02 SES 05 C, Transitions: Apprenticeships, Learning and Sense of Self
This paper reports on research funded by the Irish Research Council with the aim of contributing to effective actions in response to the critical levels of youth unemployment in Europe in the wake of the recent Global Financial Crisis and the advent of austerity Europe. There has been little argument around the perilous position of young people in transition to first-time employment in the context that has evolved in the wake of the 2008-09 Global Financial Crisis (GFC) (O'Higgins 2012). Even before the GFC, the youth unemployment rate across the European Union was persistently well in excess of the overall unemployment rate but by 2008 the youth unemployment rate across the OECD was creeping towards three times the adult rate (Scarpetta et al. 2010). Since 2010 the overall employment rate for young people fell three times as much as the adult rate and, at the time of writing (late 2014), the European Commission reports an unemployment rate of 23.4 per cent in the EU-28 area. One in five young Europeans who wish to work cannot find a job and in certain contexts, notably Greece and Spain, one in two young people cannot find a job. By contrast, the youth unemployment rate in Germany is measured at 7.7 per cent (European Commission 2014). In summary, the report notes that 7.5 million Europeans aged between 15 and 24 are neither employed, nor in education or training.
In response to what has been argued to be a crisis context, the European Commission recommended direct action on youth employment, resulting in the recommendation to establish a Youth Guarantee which was adopted by the Commission in April 2013. The Youth Guarantee is a structural reform for the mid to long term and involves a commitment by Member States all young people under the age of 25 that promises an offer of a ‘good-quality’ job, apprenticeship or some other form of continued education within four-months of leaving school or becoming unemployed (ec.europa.eu). In this, the Commission took the view that effective vocational education and training systems and particularly those with strong work-based learning components facilitate the transition of young people from education to employment: apprenticeship schemes are to be ‘spread across’ member states. In this, policy makers frequently look towards the German dual system and transition supports for guidance yet here concerns focus on the nature of the employment post-transition: there has been a dramatic shift towards precarious employment in the German context (McKay et al. 2012). Appropriately, briefing documents acknowledge ‘different starting points’ in that apprenticeship systems reflect the historical and contemporary ‘collection of conditions’ (Foucault 1971) within which the apprenticeship system develops. The research project on which this paper draws is the first phase of an integrated study that proposes a genealogy of apprenticeship in five youth transition regimes (Walther 2006): liberal (Ireland and the UK); sub-protective (Italy); universal (Finland) and employment centered (Germany).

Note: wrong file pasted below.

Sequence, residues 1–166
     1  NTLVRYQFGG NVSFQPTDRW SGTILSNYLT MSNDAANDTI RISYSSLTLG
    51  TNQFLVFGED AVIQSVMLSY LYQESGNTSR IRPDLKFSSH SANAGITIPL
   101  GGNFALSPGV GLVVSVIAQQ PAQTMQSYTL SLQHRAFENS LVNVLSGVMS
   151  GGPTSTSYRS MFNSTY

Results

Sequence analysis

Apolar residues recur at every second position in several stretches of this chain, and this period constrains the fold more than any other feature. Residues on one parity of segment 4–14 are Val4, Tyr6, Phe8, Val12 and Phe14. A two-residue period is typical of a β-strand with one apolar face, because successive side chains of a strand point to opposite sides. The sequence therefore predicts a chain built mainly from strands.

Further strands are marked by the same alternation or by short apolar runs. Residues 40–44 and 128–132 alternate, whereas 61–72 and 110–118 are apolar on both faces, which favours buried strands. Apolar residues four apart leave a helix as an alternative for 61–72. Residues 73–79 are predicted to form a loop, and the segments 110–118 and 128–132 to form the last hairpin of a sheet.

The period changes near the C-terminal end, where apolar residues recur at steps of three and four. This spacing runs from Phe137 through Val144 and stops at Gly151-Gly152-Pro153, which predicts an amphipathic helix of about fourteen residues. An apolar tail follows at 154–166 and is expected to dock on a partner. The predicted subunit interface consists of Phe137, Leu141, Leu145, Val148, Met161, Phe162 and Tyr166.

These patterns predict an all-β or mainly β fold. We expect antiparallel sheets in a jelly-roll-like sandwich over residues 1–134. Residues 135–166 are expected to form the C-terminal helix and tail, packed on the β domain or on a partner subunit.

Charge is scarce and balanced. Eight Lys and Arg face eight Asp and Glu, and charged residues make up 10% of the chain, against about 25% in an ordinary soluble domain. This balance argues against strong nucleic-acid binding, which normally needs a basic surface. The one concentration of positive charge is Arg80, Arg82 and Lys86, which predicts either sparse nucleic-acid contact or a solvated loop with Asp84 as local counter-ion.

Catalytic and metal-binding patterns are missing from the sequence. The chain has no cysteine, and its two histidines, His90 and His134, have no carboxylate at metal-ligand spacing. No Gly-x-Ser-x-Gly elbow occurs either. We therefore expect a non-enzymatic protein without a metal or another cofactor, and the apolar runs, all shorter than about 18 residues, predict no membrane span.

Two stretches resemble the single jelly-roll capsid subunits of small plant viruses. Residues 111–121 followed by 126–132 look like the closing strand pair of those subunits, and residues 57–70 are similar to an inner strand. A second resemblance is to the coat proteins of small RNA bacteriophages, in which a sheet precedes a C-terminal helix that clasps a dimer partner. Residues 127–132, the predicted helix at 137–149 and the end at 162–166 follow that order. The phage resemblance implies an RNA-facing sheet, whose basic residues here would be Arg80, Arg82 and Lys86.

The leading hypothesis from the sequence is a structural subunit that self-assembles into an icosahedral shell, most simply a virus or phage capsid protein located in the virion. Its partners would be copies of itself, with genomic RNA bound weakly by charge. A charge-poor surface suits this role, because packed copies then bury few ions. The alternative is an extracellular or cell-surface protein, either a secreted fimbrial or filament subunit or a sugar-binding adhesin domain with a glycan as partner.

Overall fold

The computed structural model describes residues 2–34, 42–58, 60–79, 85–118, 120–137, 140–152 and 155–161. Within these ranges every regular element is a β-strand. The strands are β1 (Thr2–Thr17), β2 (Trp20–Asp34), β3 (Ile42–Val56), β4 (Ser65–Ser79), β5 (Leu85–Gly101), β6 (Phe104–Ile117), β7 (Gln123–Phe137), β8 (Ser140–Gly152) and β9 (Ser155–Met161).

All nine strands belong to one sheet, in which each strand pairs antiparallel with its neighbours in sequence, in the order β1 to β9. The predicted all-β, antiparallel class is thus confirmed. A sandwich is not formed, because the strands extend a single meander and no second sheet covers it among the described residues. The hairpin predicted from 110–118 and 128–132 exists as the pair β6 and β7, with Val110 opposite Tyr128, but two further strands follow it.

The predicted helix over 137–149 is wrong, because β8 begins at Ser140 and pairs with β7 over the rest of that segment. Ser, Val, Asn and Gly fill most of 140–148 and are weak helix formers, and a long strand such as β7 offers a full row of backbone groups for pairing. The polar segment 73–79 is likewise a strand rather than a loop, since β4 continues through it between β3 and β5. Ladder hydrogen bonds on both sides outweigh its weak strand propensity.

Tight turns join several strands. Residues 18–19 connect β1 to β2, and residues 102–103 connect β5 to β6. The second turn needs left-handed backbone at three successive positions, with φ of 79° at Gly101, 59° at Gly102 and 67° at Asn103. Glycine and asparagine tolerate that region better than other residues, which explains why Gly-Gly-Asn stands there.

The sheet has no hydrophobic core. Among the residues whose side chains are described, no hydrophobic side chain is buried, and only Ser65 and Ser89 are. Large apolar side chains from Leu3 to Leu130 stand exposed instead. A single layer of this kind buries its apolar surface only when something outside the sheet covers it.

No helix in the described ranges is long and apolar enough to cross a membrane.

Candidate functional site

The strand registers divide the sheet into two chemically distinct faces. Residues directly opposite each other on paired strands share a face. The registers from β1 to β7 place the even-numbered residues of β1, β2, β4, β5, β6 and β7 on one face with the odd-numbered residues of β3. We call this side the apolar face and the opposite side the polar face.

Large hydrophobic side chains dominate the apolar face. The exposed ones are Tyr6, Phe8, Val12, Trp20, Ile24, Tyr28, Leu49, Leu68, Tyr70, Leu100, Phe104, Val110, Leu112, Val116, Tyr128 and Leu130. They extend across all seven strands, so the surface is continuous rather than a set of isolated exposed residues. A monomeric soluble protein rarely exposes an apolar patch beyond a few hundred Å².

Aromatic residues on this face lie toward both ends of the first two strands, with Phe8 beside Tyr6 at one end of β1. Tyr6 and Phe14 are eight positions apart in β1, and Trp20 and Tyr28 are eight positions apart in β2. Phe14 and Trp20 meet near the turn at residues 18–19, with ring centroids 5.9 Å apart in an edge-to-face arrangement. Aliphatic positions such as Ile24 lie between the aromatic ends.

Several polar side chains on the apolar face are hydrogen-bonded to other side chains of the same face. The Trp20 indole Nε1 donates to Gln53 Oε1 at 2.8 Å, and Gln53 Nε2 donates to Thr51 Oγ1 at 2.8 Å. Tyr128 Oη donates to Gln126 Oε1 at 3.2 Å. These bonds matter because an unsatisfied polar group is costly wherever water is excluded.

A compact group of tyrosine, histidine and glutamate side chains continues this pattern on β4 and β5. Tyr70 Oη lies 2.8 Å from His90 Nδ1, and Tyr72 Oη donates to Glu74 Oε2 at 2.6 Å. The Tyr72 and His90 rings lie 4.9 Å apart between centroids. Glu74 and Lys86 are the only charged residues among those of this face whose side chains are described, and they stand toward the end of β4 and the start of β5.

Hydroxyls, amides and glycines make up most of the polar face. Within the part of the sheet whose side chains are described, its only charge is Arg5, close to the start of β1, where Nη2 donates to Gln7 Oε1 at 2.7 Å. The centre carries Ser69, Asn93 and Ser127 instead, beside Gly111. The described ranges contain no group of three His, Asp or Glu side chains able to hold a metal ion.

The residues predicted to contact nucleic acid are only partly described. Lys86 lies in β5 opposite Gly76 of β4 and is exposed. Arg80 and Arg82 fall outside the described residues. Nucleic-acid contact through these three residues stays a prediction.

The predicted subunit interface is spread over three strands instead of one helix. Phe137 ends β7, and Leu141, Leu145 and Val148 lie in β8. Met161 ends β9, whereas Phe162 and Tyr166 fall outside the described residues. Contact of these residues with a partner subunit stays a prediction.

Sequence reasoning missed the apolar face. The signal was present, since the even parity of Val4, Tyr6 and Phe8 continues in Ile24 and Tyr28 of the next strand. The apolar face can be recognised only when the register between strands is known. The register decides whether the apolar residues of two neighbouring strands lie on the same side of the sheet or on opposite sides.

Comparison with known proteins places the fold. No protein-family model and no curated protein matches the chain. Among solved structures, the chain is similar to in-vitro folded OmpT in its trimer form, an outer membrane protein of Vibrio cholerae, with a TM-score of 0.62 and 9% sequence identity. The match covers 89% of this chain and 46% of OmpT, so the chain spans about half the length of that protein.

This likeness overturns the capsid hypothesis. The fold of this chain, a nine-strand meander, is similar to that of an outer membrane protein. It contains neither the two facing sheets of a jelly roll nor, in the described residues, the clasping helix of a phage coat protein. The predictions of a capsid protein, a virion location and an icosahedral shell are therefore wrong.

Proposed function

European Commission (2014) EU measures to tackle youth unemployment. (Belgium, European Commission). Foucault, M. (1971) ‘Nietzsche, genealogy, history’. IN P. Rabinow and N. Rose (eds). The essential Foucault. (New York, The NewPress). McKay, S., Jefferys, S., Paraksevopoulou, A., Keles, J. (2012) Study on precarious work and social rights. (London, Working Lives Research Institute). O'Higgins, N. (2012) This time it's different? Youth labour markets during 'the Great Recession'. (Bonn, Institute for the Study of Labour). Raffe, D. (2014) ‘Explaining national differences in education-work transitions’. European Societies, 16(2): 175-93. Scarpetta, S. and Sonnett, A. (2012) ‘Investing in skills to foster youth employability – What are the key policy challenges’? Intereconomics. (Paris, OECD) Walther, A. (2006) ‘Regimes of youth transitions’. Young, 14(2): 119–139.
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